Today we began the journey home. Sitting here on the plane I’m attempting to process all that I’ve seen and felt. These last nine days have flipped my world upside down. Everything was so different from what I’m used to. The following is very raw thoughts so I apologize for the scattered thoughts and typos! (It’s 1:30am).
They say when you visit Africa you leave a piece of your heart there. I have to agree!
Africa has some of the most beautiful countryside I’ve ever seen. The fruit trees are amazing and produce incrediable sweet tasking pineapples, mangos and bananas!
But the people have made the biggest impression in my heart. From the time we arrived until our final drive to the airport I was struck over and over by the amount of people everywhere.
I’ve finally concluded that one of the reasons I don’t notice so many people in America may be due to the fact we’re either in our cars, work places or behind the closed doors of our homes.
Ugandans walk every where. I mostly seen Boda Boda (motorcycles) carrying 3-4 people or taxi vans. But always every street we traveled wether orange dirt road or paved highway were mamas walking with babies snuggle wrapped to their backs, women carrying large bags filled with food or crafting material on their heads, or children laughing and running with each other.
If the people weren’t walking they were out in their yards washing laundry by hand and hanging the clothing on bushes or roof tops, or working in their gardens with hoes or teams of oxen pulling a plow.
The streets of the towns were lined with street vendors, fresh produce, live chickens in cages, meat hanging from rope, clothing, shoes, and bed frames.
As we drove by I found myself smiling from ear to ear waving at the women working in their yards or at their street side shop.
I was addicted to waving because of the way the women and children would light up and smile brilliant joyful smiles and wave back until we were out of sight!
When we were at the women’s conferences I noticed right away how everyone seems to be one big family. If someone’s child was where they weren’t supposed to be, whoever was there would usher them back to their spot. Or if a woman was coming up for prayer, someone close by would rush up and take her children to watch over.
Even the older children, by that I mean the 8 year olds and up toted around the babies wrapped on their backs and made sure the younger children were doing what they were supposed to be doing.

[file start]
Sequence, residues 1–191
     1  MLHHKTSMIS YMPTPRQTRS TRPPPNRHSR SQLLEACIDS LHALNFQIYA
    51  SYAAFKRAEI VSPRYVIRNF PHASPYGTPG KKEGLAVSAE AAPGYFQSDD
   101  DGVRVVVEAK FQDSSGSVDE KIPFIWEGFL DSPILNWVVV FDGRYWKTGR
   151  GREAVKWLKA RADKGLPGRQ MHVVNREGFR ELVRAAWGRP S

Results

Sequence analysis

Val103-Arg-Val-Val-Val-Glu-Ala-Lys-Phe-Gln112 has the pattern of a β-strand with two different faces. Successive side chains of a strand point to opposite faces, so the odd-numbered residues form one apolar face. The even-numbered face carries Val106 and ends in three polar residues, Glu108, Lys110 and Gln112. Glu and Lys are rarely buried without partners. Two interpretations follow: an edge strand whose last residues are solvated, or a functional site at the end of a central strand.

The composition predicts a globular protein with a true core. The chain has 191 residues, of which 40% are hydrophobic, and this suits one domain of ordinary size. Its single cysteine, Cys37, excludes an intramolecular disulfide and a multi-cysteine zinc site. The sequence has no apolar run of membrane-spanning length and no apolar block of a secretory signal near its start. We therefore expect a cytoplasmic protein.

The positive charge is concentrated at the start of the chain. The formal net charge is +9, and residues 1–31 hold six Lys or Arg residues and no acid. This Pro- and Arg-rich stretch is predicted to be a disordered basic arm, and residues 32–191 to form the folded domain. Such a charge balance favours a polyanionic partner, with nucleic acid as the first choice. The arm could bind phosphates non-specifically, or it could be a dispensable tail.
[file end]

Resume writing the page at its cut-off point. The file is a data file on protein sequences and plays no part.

Everyone knew each other in their village and if one family didn’t have food, someone made sure to invite them over for a meal!
They appear to live like a real village. We ate meals at three of the pastors homes who are church partners with Man Up And Go. All three had their own families living with them and multiple others coming and going all day. One pastors wife said, “God has blessed us to bless others!” And they live that out in every way!
I was challenged in the way that I interact with my neighbors. Honestly once I get home each day I’m happy to go in and shut the door and everything else out with it.
I loved experiencing being part of the Ugandan village and I would love to see my life reflect that in my home country!
TIA and the Type “A” personality.
TIA is a phrase we used often with our American goal driven schedule ruled team. It means “This Is Africa.”
I did not notice people wearing watches and it was hard to find a clock in Uganda. They embrace the moment they are living in and savory it while not rushing on to the next item in the schedule.
Every time we were gathered, there was no time table, no feeling of hurry up to the next thing and I was amazed to see everything worked out, even better than I would have expected!
I loved learning to live in the moment! I’m tempted to throw out our clocks when I get home! I do pray I can continue to grow in the moment by moment faith filled, spirit lead life I experienced over the last 9 days!
Ugandan Christian’s really model faith walking. The ministry they are doing in their country that is riddled with poverty is unbelievable. These churches are living out what James says that true religion is taking care of the widows and the orphans. They are being the Church! They are feeding, housing, clothing, discipling and providing an education for hundreds of children and their parents!
While I looked around and thought there is so much Americans could teach Ugandans about economy, development, hygiene, health care, I’d have to say Ugandans could teach us a thing or two about truly caring for one another.
I’ll close for now since we are about to begin the second leg of this journey home with a 14 hour flight. Until next time!